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Optometrist Perspective by Harvey Yamamoto, OD

Optometrist Perspective by Harvey Yamamoto, OD

HAPPY THANKSGIVING to all my readers. This year has been fleeting very quickly for me and my family. The C&E Family would like to reach out to each of you with Holiday Cheers as we are now approaching into the Holiday season which signals the end of 2013. I pray that each of our members have had a good year in spite of the ongoing economic slump that we have been mired in for so many years. It is now the end of my 2 year effort to move our practice into more highly specialized fitting of the difficult to fit contact lens patients. Yes, I must admit that these patients do consume a lot of chair time but the rewards have been there both emotionally and financially. YamaKone IC: Many of my readers have inquired about this lens. Several colleagues have asked that I write more details about this lens. The YamaKone IC is a byproduct of my lifelong dream of having a soft lens for our cone patients who have become gas perm intolerant. The most important ingredient for me was that this lens must be simple to fit. During the initial R&D phase of developing this lens into which it is today was time consuming. I would spend upwards of 4 hours per patient putting my practice in a huge backlog....
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Optometrist Perspective by Harvey Yamamoto, OD

Optometrist Perspective by Harvey Yamamoto, OD

In our neck of the woods, summer is bearing down hard on us and we do whatever it takes to avoid the heat. Hopefully all of our members throughout the country are doing alright. Something unusual happened to me in our office. First one computer lost its hard drive. I had taken that one to Best Buy to have the Geek Squad replace the hard drive. That computer was fairly new with 8 MB of memory and 750 gigs of HD. They asked if I had the restore media discs but I had forgotten, (actually too lazy to make any restore discs.) They asked that I call HP to purchase the hard drives. After spending what seemed like an eternity talking with various techs from India, I finally got one who told me what I had to do. I went online and with my limited computer skills, I plodded for what seemed like several hours before I hit the jackpot. I crawled into bed close to 1 a.m. so I wouldn’t wake the wife and dozed off to sleep. When we woke in the a.m., I could hardly contain my happiness by announcing to the wife that I finally figured out how to order the recovery discs. I answered all the questions: S/N/ Product, code, name of computer, how many bytes, etc, etc, etc. The place that had the recovery...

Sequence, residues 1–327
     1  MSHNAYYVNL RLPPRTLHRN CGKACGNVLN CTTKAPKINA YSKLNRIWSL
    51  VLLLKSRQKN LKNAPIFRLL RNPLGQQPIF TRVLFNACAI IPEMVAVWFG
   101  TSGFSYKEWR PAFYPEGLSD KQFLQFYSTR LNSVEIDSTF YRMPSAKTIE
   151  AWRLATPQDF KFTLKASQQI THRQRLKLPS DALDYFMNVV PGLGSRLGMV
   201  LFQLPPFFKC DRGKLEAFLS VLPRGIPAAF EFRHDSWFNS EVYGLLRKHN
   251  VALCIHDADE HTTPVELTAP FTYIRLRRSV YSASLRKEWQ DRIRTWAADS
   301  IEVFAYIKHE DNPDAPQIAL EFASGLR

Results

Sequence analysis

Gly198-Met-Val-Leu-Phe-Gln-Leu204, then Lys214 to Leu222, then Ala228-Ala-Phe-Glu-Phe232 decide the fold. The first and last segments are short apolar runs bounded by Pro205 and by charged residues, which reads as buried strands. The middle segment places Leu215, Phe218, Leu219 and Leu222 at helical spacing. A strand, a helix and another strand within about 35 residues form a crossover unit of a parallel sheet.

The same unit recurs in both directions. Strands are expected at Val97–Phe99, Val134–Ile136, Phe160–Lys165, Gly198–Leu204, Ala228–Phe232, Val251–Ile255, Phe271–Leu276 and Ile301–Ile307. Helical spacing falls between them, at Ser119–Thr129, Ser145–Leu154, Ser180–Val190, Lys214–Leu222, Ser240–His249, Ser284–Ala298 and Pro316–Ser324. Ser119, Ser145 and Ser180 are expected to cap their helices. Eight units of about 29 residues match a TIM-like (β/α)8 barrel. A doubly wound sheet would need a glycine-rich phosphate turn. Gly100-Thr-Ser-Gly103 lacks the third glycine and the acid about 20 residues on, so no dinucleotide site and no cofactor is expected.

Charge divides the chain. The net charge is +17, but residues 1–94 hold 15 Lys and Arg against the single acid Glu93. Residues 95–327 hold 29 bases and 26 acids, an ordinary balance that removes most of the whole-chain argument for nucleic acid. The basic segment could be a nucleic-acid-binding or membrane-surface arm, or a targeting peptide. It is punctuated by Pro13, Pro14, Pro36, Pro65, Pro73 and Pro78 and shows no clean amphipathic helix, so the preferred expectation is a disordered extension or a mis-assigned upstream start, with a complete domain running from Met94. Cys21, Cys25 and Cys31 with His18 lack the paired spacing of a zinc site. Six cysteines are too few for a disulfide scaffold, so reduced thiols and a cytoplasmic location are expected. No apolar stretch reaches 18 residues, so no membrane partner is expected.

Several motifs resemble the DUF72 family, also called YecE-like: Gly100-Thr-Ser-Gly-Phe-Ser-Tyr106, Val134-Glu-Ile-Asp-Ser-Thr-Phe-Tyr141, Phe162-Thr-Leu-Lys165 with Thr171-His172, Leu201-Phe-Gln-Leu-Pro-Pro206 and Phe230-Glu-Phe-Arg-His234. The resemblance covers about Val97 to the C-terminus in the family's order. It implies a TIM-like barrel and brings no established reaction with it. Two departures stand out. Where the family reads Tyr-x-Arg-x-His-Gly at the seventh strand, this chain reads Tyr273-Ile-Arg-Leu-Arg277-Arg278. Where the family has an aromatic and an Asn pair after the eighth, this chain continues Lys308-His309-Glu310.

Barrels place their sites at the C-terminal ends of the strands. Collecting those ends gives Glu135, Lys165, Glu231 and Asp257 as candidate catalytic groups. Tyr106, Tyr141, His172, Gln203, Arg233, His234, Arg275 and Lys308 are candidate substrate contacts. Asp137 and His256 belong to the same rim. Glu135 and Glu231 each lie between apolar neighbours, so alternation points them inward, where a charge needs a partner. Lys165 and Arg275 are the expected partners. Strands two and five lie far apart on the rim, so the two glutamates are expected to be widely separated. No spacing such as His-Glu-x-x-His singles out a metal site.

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Optometrist Perspective By Harvey Yamamoto, OD

Optometrist Perspective By Harvey Yamamoto, OD

Ahhhh, the fresh smell of spring is now upon us.  Spring is one of my favorite times of the year.  I extend a very happy spring season for my readers. SOFT CONTACT LENSES:  GP Specialists launched a new lens which is called YamaKone™ IC at the Global Specialty Meeting in Las Vegas during the last week of January.  The YamaKone™ lens is a family of specialty lenses with the keratoconic patients in mind.  My long time readers will know that fitting specialty contact lenses is one of my passions in life.  I find them stimulating and challenging.  Yes, they do take some chair time but the end results often bring about very happy patients who become very loyal and great for referrals. Every GP lab around the country has focused their attention to the development of their own brand of scleral lenses.  Some say that the growth of GP lenses can be directly linked to the rebirth of scleral lenses. By now, I’m sure that I’ve whetted the appetite of most of my readers about soft cone lenses.  What? Why? For what reason?   I have a very large Keratoconus practice which grew over a period of 49 years.  I have run into patients that eventually became so advanced that they no longer...
Filed in: Contact Lens, Editorial
Optometrist Perspective by Harvey Yamamoto, OD

Optometrist Perspective by Harvey Yamamoto, OD

2013 is starting out of the gate on a solid note for our practice and we hope that all of our members are doing likewise. KERATOCONUS:  In my last editorial, I promised to report more on our clinical studies with soft contact lenses.   My passion for contact lenses began in 1959 and continues to this day.  Working with PMMA lenses taught me a great deal on edge designs.  I quickly learned that the comfort of the lenses depended on how nicely I made the edge’s. Keratoconus found me soon after I was discharged from the military service in 1964.  An OMD whom I had befriended while at Ft. Ord began to send me young cone patients to evaluate.  They were in their early teens and some as young as 9 years of age.  Thus my entrance into pediatric contact lenses began with fitting young cone patients.  I found that the young patients adapted quickly to the PMMA lenses and before I had gotten my feet wet, my calendar became filled with similar cases from around the country.  Word of mouth began to spread amongst practitioners that I was very good at fitting their cone patients. Those were the days when we were dependent on keratometry to weed out these cone patients.  The mires were...